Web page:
"That's part of my body, honey. That's the way I'm shaped right now." I say it with a smile, because I know she's reading as much into my face as she does into my words, learning as much from the happiness she hears in my voice as she does from the vocabulary I choose. 

"Mommy, you're symmetrical, just like the hearts we were cutting out for the Valentines. Mommy, how can you smile and cry and laugh all at the same time?"

Class dismissed.

Thursday, December 25, 2014

The First Day of Christmas

It's been a great day, brimming with a myriad of minor notables. Here are the highlights:                        
  • Hannah's quiet excitement over finally receiving a backpack of her own.
  • Lucy's not-so-quiet excitement that I finally got the super hero capes finished (thanks for your help, Mom!)
  • The crazy-loud, aleatoric scream-o version of Go, Tell It On the Mountain that my children sang in the car on the way to church this morning. 
  • Sitting in the balcony for the glorious final verse of Silent Night, sung a cappella, a full church of folks praising Almighty God, with two or three brave souls adding their descants into the mix. Absolutely breathtaking. 
  • A house full of people that I love.
  • This picture of my little super hero:
  • My nephew and my daughter snuggled up with my brother-in-law, watching Snow White.
  • Dining seat assignments scrawled on torn up sheets of binder paper, artfully arranged on fine china.
I could go on, and the truth is, these tiny things probably don't mean anything unless you were there. They are very minor miracles, but they are a still, small reminder that if we are paying attention, we can catch glimpses of the faithfulness of God. Every single day, He shows Himself trustworthy. We spend Advent in anticipation of things to come, but we are still in advent. As God's kids, we are still leaning into this time of waiting, trying to catch glimpses of the way things will be when the fullness of time comes about, and we are waiting no longer. To me, this Christmas has an air of eagerness about it, as if all Creation is whispering, "Just wait. The best is still on its way." In that way, I look forward; forward to tomorrow, when the seemingly endless march of Christmas parties continues; forward to the new year and the promise it holds; forward to the end, when I will see my Savior face to face. You see, this is merely the first day of Christmas - the best is still on its way.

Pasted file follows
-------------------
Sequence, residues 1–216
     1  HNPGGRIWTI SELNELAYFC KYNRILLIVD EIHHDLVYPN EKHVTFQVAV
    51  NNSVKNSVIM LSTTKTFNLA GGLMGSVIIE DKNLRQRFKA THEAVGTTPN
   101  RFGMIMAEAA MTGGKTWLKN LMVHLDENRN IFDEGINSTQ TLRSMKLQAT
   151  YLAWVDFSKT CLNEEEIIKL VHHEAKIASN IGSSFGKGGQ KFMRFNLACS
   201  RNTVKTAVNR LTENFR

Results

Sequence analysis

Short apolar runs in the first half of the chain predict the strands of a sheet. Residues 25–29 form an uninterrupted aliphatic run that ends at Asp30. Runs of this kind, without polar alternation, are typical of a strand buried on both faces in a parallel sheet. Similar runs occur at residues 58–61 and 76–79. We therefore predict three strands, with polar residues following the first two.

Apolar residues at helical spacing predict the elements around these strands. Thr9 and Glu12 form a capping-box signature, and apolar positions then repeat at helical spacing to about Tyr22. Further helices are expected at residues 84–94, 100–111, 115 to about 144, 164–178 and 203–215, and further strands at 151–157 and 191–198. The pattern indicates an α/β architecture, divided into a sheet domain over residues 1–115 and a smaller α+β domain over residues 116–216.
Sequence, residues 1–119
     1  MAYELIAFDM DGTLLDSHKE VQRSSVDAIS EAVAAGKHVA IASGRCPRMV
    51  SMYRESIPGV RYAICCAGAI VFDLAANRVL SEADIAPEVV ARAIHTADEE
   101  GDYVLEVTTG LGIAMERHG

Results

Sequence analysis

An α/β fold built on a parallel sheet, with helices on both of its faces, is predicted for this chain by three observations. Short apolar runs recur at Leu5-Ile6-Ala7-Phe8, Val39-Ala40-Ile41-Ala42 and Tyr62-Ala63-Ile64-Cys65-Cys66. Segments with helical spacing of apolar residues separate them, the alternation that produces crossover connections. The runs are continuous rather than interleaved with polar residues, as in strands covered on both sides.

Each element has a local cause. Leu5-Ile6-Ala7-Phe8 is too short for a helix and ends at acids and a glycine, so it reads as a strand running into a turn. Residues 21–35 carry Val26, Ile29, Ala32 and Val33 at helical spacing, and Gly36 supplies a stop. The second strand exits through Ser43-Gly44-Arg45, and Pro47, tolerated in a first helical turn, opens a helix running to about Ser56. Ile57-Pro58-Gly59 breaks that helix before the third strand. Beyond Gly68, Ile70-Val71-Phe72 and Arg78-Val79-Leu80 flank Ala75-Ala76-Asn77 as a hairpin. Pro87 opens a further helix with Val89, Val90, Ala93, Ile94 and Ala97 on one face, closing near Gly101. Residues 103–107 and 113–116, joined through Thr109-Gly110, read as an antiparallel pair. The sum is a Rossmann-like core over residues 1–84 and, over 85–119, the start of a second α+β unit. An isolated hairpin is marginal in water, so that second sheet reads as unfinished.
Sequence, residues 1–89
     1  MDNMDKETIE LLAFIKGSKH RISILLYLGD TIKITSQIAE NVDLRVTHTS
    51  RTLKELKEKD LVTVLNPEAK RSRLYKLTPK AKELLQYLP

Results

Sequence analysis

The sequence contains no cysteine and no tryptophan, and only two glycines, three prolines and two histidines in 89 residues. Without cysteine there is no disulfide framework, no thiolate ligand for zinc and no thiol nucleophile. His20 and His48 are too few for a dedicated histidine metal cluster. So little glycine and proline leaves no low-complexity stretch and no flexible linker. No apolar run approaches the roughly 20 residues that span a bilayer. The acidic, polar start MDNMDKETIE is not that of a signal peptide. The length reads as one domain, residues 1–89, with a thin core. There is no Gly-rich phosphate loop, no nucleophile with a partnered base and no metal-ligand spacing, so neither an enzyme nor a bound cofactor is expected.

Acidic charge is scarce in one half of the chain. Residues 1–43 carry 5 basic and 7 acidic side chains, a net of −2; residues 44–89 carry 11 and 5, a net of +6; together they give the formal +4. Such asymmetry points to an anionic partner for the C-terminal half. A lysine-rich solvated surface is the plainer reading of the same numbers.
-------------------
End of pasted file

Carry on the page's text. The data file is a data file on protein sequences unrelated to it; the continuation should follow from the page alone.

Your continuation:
Silent night! Holy night!
Son of God, love's pure light 
shines anew from Thy heavenly face,
greets the hour of redeeming grace,
Jesus, Lord at Thy birth,
Jesus, Lord at Thy birth.

The hour of redeeming grace came two thousand years ago, and it comes again today, and it will come again every day until the end of time. The best is still on its way. God is faithful. Always.

Wednesday, December 3, 2014

I Need a Bigger Form

Forms. I have mixed feelings about them. I see the need for them, but filling them out can be a drag. I turn in an AWR (assignment work record) for Lucy's homeschool every three weeks or so - it's basically just a list of the different things that we do for school. There's a slot for every subject: math, language arts, spelling, history, science and a convenient little section labeled "other" for things like PE, arts and crafts, music lessons, etc.